Starlink Public Beta About to Happen?!?!

tangoseal

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I would imagine the unit itself can keep itself warm in cold temperatures, assuming it has power. But the upper limit of 122* seems very easy to hit on a roof in the summer anywhere south of Ohio. I wonder if people have tried putting fans or forced air underneath it for summer operation. Maybe even water lines epoxied to the underside.

Why should anyone have to do that? You think the avg person wants to pay 500 for a dish and have to engineer an industrial cooling solution on top of that?

Just build the damn transmitter in a separate case and run some coax cable to it. Done.

Damn overpaid under thinking Starlink engineers.
 

serpretetsky

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It doesn't take much to block a starlink signal. Just think about the huge disparity in wall penetration between 2.4ghz and 5ghz wifi. well starlink uses frequencies as high as 40Ghz. Unfortunately you pretty much need line of sight at that frequency. Not far from the semi-failed wigig standard that uses 60Ghz and can't even penetrate a cubicle wall.
hmm. well they make radomes for 60ghz p2p antennas and radar equipment. so i think it should be possible to find a good material.
 

serpretetsky

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Why should anyone have to do that? You think the avg person wants to pay 500 for a dish and have to engineer an industrial cooling solution on top of that?

Just build the damn transmitter in a separate case and run some coax cable to it. Done.

Damn overpaid under thinking Starlink engineers.
Well, it's a phased array, so I image you would have to run as many coax cables as there are elements on the antenna, and each coax would have to be length matched.

https://hackaday.com/2020/11/25/literally-tearing-apart-a-spacex-starlink-antenna/

maybe more than 100 coax cables? I'm not a radio guy so this is conjecture on my part.
 

Nobu

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BravO)))

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Why should anyone have to do that? You think the avg person wants to pay 500 for a dish and have to engineer an industrial cooling solution on top of that?

Just build the damn transmitter in a separate case and run some coax cable to it. Done.

Damn overpaid under thinking Starlink engineers.
Overpaid and under thinking? A receiver, is not the same as a transmitter/receiver (transceiver). A transmitter/receiver is not the same a satellite tracking transmitter/receiver. Next to military electronics, that I use to work on, I don't know of any other consumer solutions that do the same thing. We aren't talking about receiving a broadcast from transmission antennas 30 miles away.
 

tangoseal

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Overpaid and under thinking? A receiver, is not the same as a transmitter/receiver (transceiver). A transmitter/receiver is not the same a satellite tracking transmitter/receiver. Next to military electronics, that I use to work on, I don't know of any other consumer solutions that do the same thing. We aren't talking about receiving a broadcast from transmission antennas 30 miles away.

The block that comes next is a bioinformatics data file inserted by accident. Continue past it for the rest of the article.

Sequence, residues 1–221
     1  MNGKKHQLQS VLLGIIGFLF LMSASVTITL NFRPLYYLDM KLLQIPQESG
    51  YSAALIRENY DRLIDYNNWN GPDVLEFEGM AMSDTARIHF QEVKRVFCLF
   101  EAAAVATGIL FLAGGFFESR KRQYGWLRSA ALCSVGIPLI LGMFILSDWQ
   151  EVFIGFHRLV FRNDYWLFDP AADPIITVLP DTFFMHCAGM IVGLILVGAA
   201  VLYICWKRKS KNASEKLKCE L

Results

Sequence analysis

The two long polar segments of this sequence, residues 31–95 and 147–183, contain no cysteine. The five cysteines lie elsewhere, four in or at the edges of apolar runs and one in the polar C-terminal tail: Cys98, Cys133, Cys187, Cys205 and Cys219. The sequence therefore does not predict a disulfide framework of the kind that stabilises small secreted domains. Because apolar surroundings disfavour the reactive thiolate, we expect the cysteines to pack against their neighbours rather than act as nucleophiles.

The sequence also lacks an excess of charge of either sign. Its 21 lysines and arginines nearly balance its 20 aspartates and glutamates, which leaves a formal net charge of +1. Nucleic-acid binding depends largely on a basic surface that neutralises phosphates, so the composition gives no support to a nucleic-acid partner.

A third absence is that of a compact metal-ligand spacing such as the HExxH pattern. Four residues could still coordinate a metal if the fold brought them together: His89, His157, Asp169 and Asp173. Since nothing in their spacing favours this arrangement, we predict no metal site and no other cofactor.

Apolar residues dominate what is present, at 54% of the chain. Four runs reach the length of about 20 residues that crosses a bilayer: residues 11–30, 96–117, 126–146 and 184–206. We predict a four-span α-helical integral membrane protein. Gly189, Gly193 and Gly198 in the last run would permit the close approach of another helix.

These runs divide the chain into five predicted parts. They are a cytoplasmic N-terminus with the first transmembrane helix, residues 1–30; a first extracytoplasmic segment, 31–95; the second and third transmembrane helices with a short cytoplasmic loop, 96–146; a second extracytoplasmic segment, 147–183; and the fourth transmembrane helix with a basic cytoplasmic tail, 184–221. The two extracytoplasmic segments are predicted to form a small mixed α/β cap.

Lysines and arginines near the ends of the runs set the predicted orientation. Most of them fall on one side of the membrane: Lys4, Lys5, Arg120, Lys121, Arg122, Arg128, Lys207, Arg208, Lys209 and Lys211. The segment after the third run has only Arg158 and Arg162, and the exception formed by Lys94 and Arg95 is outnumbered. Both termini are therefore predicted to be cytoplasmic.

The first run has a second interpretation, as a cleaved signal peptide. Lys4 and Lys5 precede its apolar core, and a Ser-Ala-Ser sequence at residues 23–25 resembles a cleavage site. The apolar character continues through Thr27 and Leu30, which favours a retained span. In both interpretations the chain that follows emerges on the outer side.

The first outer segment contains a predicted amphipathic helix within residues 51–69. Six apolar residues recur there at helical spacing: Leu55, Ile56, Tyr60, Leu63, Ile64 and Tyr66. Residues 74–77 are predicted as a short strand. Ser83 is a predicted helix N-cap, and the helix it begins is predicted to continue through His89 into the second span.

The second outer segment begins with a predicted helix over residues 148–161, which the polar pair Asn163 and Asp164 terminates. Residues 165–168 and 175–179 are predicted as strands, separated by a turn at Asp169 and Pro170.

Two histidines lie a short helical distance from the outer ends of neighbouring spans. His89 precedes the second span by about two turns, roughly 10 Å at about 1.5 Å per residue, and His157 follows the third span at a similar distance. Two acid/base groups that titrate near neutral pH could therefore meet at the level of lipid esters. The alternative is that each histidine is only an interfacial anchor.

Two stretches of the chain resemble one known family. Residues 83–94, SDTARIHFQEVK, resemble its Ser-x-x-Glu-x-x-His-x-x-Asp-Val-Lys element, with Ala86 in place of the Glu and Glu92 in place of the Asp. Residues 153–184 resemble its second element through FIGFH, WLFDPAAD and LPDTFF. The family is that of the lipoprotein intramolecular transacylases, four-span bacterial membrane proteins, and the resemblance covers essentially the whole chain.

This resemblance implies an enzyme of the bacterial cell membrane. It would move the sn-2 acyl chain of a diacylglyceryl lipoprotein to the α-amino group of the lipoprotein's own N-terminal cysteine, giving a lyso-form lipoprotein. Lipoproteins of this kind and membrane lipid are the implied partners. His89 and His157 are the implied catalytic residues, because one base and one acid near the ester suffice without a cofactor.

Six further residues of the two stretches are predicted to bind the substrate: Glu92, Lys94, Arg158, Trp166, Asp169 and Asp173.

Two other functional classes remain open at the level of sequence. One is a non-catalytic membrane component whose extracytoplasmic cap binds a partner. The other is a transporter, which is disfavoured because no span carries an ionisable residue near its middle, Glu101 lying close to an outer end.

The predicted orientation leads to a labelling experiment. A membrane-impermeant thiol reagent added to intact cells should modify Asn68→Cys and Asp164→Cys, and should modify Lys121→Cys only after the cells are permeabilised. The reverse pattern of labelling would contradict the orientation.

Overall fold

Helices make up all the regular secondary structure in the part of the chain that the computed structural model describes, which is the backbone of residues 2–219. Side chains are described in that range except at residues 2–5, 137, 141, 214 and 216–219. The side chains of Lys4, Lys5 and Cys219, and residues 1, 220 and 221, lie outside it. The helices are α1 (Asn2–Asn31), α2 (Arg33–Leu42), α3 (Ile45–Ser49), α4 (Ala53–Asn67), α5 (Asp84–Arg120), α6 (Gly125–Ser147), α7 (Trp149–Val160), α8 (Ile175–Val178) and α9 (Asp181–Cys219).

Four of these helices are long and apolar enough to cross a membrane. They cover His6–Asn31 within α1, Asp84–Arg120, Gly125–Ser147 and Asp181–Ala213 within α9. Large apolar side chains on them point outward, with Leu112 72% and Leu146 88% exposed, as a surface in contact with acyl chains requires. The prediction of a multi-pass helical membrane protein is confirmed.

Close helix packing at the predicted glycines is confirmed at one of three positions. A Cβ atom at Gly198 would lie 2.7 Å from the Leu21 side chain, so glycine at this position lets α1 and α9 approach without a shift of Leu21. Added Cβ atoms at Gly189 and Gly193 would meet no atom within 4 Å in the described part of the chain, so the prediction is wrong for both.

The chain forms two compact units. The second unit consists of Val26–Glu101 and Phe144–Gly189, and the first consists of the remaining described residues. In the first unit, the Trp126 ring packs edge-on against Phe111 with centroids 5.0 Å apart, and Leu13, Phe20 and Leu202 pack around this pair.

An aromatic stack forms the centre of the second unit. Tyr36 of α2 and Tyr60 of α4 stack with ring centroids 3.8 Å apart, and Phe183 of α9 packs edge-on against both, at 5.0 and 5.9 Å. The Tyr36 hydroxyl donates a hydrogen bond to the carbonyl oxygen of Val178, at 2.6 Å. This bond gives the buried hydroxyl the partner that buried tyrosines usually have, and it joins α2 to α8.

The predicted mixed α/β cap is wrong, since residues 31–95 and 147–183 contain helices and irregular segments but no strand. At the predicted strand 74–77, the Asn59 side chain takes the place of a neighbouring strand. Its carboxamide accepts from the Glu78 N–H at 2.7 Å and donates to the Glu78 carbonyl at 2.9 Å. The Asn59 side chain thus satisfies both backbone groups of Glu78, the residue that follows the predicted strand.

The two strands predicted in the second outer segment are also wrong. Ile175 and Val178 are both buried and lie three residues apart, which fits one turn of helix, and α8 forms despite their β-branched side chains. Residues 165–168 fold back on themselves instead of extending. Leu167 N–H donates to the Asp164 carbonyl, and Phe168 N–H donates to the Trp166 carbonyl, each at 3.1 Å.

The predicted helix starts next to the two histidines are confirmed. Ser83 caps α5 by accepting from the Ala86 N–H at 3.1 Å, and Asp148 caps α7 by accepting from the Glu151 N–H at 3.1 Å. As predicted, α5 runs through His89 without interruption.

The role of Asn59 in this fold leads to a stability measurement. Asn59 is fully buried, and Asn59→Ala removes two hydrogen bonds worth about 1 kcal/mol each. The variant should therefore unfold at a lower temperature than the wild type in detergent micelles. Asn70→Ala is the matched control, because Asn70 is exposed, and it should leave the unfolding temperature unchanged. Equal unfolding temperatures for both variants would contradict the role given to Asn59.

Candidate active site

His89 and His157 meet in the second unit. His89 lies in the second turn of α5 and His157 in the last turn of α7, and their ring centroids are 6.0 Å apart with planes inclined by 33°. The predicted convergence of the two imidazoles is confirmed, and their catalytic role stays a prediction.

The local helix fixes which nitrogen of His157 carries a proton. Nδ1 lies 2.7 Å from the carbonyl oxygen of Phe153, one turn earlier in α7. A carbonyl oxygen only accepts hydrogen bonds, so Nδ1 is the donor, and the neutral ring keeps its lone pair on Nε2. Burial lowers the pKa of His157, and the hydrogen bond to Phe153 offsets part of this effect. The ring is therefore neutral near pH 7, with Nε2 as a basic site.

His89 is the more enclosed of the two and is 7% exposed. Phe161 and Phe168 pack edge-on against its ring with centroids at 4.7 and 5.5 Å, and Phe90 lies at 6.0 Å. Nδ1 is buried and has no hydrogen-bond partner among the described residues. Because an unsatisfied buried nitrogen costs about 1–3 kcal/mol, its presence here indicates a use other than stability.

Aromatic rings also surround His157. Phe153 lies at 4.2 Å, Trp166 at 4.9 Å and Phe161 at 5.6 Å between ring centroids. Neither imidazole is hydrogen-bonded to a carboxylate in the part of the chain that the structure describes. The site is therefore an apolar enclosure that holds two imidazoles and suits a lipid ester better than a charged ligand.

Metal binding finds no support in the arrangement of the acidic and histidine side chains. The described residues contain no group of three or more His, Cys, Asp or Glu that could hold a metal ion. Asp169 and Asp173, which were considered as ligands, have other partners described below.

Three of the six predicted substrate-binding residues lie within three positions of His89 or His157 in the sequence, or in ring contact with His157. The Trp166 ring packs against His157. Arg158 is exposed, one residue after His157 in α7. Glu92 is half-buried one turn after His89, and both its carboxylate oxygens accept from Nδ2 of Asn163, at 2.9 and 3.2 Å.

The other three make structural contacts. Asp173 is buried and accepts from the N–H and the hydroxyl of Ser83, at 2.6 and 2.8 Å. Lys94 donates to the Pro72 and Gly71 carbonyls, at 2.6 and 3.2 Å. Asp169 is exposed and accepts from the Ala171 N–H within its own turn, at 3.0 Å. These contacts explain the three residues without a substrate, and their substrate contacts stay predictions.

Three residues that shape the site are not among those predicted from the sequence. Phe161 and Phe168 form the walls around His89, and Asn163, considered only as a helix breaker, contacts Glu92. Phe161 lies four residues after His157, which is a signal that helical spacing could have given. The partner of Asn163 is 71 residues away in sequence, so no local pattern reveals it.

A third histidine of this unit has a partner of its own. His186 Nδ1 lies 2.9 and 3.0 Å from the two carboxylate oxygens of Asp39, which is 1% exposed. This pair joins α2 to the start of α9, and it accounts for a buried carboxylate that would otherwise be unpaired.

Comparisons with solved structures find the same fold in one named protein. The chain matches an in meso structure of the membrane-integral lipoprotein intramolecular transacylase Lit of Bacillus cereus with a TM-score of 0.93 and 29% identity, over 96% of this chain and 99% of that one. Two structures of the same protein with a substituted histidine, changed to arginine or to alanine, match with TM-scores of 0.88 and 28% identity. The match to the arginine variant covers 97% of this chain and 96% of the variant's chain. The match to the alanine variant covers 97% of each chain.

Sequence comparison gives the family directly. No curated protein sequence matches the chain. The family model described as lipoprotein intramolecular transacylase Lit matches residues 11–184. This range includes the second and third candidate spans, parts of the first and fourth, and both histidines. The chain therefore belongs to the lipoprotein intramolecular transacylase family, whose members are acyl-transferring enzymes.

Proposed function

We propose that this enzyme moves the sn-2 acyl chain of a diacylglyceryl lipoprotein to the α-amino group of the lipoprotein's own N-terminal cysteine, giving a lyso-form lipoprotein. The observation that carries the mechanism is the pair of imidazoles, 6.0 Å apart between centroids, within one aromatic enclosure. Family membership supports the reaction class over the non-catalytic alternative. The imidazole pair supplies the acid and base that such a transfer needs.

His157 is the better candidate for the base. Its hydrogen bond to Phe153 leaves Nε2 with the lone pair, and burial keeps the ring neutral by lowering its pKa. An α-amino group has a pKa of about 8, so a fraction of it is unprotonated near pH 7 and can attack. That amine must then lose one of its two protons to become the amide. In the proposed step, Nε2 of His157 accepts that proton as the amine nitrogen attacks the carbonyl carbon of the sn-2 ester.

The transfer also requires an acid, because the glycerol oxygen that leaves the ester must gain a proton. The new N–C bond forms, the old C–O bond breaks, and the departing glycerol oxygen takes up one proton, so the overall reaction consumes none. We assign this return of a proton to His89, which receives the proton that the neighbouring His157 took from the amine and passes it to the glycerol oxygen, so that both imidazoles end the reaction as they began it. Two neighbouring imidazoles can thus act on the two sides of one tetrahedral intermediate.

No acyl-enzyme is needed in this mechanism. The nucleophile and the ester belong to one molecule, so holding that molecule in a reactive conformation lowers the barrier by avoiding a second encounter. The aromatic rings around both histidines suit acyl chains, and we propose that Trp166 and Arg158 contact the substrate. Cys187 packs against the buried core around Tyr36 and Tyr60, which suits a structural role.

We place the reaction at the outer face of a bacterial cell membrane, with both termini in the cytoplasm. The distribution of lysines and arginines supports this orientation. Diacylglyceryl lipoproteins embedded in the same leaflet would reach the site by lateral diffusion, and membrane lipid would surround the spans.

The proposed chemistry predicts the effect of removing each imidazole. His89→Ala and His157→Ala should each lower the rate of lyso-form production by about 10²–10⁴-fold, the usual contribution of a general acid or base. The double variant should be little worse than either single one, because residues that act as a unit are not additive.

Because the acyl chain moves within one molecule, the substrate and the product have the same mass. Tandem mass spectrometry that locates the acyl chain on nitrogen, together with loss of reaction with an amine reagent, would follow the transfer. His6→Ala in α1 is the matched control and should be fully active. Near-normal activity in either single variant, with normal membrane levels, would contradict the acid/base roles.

I am a licensed Ham Radio operator so RF is my second language plus I did it in the military. It is not that hard.

The coordinates for moving the dish can be sent to the dish and all the dish has to do is move to the designated x,y,z coords after it is calibrated.

The transceiver can be anywhere you want it to be.

Here is a picture to help you digest this simplicity that I speak of

This is a FlexRadio 6400M High Frequency Band Transceiver
It is feeding a 32 foot Steppir Big IR Mk II Vertical Antenna in the woods about 100 feet away from my radio.

This antenna is good from 3.5mhz to 50mhz frequency - Same with the Transceiver pictured.

If I can do this with HAM Radio Equipment surely anyone can do this with a simple dish (Antenna), a few servos with some XYZ coords, and a remote little tiny tranciever that sits in your house with a little cooling fan in it. No need to pack all that shit into a dish.

Its not that hard.

Radio Transmitter and Reciever
20220129_173839.jpg


Vertical HF Antenna in the forest on my property

20220129_173923.jpg


HAMS build stuff like this all the time. Its not hard to do and these people are doing it on shoestring budgets with soldering irons.

Yes this is large and its for working satellites, yes we HAMs have CubeSats orbiting right now that we can work UHF and VHF on and work them as long range repeaters. We can even work the ISS as well.



We can even shoot high power VHF at the moon and bounce it off the moon and talk to other HAMs on the other side of the Earth but here is another example of a dude who built this using soldering irons and raspberry Pis. I am sure he doesn't have a $35 Billion development budget.
 
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4saken

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I am a licensed Ham Radio operator so RF is my second language plus I did it in the military. It is not that hard.

The coordinates for moving the dish can be sent to the dish and all the dish has to do is move to the designated x,y,z coords after it is calibrated.

The transceiver can be anywhere you want it to be.